I Get the Tulips Planted!

Yep, all 90 of them. I planted them in containers for the first time, having decided that tulips weren’t really a good fit in my perennial beds. For starters, the dying foliage flops over other emerging plants. Also, they are often short-lived, and since tulips need to be planted deep, replacing them can be disruptive to established plants.

But Judy loves hybrid tulips. She picked the varieties we ordered and decided how they should be combined in the containers. Here’s what we did:

Tulip 'Flair'
Tulipa ‘Flair’ Photo: Van Englen

Combined tulip ‘Flair’ (red and yellow, early, 14″) with ‘Bellona’ (yellow, early, 14″).

Combined ‘Flair’ with ‘West Point’ (yellow, lily-flowered, 20″, mid-season).

Tulip 'Coleur Cardinal'
Tulipa ‘Coleur Cardinal’ Photo: Van Engelen

Combined ‘West Point’ with ‘Kingsblood’ (red, early, 24″).

Combined ‘Kingsblood’ with ‘La Cortine’ (yellow and red, late, 26″).

Tulipa ‘West Point’ Photo: Van Engelen

Combined ‘La Cortine’ with ‘Coleur Cardinal’ (red and plum, early, 12″).

Combined ”Coleur Cardinal’ with ‘Rainbow Warrior’ (yellow with red edge, mid-season, 22″).

Tulip World Expression
Tulipa ‘World Expression’ Photo: John Scheepers

Combined ‘Bellona’ with ‘Rainbow Warrior’.

Filled a container with ‘World Expression’ (cream and red, late, 24″).

We put 10 tulips in 16″ containers and 8 tulips in smaller containers – probably could have squeezed a couple more into the larger containers. My understanding is you can stick as many tulips as you can into a container, as long as the bulbs aren’t touching. If you’re interested in how to plant tulips in containers (or how I did it, anyhow) it’s pretty simple:

  • Pull out all the container plants and dump them on the compost pile.
  • Pour the potting mix or soil from your containers into a larger container and mix with a few handfuls of compost.
  • Fill the containers with the refreshed mix until it is 6-8″ from the top. Throw in some bulb food if you want, following label directions for quantity.
  • Place the bulbs in the container. You can crowd them in there but they should not be touching.
  • Fill the rest of the container with mix, and give it a good soak with the hose. The containers should not dry out over winter.
  • Store in the garage or basement, a place where the bulbs will be chilled but the container won’t freeze.
Tulip bulbs in container
Tulip bulbs in container. I could probably have squeezed in a couple more. Sadly, I don’t have a proper potting bench, have to make do with the front steps.

And now, to dream of tulips until spring …

30 Comments on “I Get the Tulips Planted!”

  1. My Mom is very determined to have me plant tulips in my garden at our new place….I love cut tulips, but for the very reasons that you outlined, I don’t really want them in my garden….And we are a later season here, so when they finally finish, it’s really late.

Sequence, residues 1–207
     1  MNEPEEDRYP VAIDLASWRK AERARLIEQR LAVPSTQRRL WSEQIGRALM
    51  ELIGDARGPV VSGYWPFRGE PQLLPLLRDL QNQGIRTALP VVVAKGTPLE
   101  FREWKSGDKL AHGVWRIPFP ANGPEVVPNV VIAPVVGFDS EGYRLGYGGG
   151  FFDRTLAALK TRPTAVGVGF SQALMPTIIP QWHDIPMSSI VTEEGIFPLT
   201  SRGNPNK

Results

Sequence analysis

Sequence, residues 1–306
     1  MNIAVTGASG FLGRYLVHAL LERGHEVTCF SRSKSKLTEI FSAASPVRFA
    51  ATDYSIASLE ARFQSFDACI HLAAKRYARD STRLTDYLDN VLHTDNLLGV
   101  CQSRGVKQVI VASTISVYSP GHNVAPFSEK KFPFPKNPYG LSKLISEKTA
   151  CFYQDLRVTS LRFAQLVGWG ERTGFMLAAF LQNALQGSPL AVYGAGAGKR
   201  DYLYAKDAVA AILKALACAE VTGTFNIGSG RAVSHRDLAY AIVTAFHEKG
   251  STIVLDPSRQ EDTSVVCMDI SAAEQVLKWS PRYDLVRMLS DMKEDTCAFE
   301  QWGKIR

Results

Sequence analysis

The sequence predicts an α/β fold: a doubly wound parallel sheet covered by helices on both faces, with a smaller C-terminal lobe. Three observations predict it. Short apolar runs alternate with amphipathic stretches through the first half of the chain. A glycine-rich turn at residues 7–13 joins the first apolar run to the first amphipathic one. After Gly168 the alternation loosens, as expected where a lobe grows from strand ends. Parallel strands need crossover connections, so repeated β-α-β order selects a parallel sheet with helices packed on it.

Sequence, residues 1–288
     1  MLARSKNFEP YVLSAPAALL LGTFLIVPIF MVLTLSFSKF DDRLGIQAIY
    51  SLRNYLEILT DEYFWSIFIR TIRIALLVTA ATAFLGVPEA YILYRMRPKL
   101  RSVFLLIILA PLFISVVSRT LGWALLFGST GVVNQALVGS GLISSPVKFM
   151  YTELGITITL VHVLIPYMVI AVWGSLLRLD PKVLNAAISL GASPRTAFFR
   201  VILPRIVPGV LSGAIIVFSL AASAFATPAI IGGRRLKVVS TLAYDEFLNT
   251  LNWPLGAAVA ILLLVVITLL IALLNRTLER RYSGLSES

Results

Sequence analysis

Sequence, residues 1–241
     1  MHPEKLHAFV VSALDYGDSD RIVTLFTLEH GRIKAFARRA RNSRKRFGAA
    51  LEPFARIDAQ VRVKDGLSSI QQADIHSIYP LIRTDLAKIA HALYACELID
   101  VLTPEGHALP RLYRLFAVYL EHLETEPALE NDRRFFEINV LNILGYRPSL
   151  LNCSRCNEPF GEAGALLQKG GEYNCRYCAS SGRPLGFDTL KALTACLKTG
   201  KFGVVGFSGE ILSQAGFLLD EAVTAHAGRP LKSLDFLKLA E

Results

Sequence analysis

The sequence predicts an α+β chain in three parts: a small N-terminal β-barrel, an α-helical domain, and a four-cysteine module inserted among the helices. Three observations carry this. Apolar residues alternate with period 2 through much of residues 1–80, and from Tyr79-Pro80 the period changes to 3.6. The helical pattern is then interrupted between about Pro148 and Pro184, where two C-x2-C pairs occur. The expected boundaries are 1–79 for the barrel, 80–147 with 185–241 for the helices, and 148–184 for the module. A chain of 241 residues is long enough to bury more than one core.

Maybe the idea of growing them in containers would work….will have to give that a think.

    Jen @ Muddy Boot Dreams

    • I keep reading that tulips are short lived but my experience has been mixed. Some have bloomed year after year, others go into decline. You can tell when they send up broad foliage and no flower. The ones in the containers I will treat like annuals – putting them in the compost pile when I want to plant the containers with summer flowers.

  2. Gorgeous selections! I have never thought to try tulips in containers before. I’ve stopped putting them in my perennial beds because the squirrels and rabbits just can’t seem to leave them alone…and you’re right, I’ve never been a fan of the yellow floppy foliage after bloomtime, either But now I’m thinking I ought to try your excellent solution. Thanks for this!

  3. I planted some freesias, and they didn’t turn out to well, but the Ranunculas are looking pretty good. Mine are in the garden in odd spots. Planting in pots is a good solution if you don’t like the after look of bulbs. Your tulips are beautiful, i love the pinky red one.

  4. Wow, that is quite an accomplishment! I know what a big job bulb planting can be! I just put two Hyacinth bulbs in the ground the other day and felt proud of myself–that’s embarrassing! Actually, I planted quite a few Daffodils last year, which should continue to provide pleasure for years to come. I haven’t planted Tulips for ages because of all the rabbits around here. Maybe I should try the pots like you did.

  5. How satisfying – and what a great display you’ll have next year. I have half that many tulips still to plant, though I’ll probably wait another couple of weeks until the weather is consistently colder. Most will also go in containers this year, though I’ll try and shoe-horn last year’s tulips into the ground where I can in case they return!

  6. You’re going to have a fantastic display come spring! I don’t know why I’ve never tried planting tulips in containers before; it would certainly be easier than trying to dig 6 or 8 inches down in hard soil. I also have a problem remembering where last year’s tulips are; even though I look at old photos, I often find myself digging up old bulbs to plant the new ones:)

  7. Mine are all still tucked into the fridge getting their chill, the only way I can get them to bloom here in zone 10, so it’s always containers for me. How exciting to get them planted — I can’t wait to pot up mine too, probably toward the end of November. You picked some beauts!

  8. Hi Jason, I think we’re going to miss the window on planting tulips as I haven’t even ordered mine yet. Then I need to bring the tubs they’d go in down from off the shed roof and then they’ll need new compost and so on and in the end I can’t see it happening. I hope your tulip display is spectacular!

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